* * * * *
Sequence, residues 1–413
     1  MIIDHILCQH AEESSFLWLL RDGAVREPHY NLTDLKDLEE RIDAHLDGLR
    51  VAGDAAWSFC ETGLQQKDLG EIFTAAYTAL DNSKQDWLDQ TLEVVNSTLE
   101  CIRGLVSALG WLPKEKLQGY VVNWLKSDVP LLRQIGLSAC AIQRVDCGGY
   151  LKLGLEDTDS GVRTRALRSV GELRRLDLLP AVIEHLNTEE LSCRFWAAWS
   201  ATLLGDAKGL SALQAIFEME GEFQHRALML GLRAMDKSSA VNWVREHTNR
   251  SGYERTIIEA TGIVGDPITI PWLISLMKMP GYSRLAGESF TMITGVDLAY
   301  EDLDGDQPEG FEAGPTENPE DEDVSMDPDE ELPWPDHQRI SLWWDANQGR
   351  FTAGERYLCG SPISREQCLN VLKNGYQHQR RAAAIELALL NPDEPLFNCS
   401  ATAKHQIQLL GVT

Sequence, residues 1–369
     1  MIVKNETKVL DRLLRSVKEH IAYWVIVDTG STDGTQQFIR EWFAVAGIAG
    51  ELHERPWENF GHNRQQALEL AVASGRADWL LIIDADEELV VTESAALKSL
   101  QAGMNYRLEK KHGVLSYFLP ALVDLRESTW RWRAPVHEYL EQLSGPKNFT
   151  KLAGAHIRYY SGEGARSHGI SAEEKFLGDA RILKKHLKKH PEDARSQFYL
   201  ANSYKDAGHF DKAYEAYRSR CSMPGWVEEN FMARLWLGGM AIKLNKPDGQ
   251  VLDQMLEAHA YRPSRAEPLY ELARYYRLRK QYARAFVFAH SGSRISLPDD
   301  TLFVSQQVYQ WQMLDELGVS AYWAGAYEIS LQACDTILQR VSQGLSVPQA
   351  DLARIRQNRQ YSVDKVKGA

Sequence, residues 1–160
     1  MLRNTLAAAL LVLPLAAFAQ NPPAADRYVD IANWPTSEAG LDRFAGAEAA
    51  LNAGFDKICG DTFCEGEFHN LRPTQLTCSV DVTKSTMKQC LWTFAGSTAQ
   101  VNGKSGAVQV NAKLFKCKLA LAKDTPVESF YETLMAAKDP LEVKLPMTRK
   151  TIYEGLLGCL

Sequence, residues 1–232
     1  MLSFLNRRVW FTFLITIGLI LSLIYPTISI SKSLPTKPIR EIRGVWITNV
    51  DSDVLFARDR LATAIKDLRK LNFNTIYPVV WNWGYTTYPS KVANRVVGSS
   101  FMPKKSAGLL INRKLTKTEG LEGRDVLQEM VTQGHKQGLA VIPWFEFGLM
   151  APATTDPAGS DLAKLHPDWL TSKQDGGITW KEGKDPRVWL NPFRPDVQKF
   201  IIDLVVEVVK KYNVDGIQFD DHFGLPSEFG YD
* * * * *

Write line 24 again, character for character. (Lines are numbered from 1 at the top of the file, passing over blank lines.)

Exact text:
   151  TIYEGLLGCL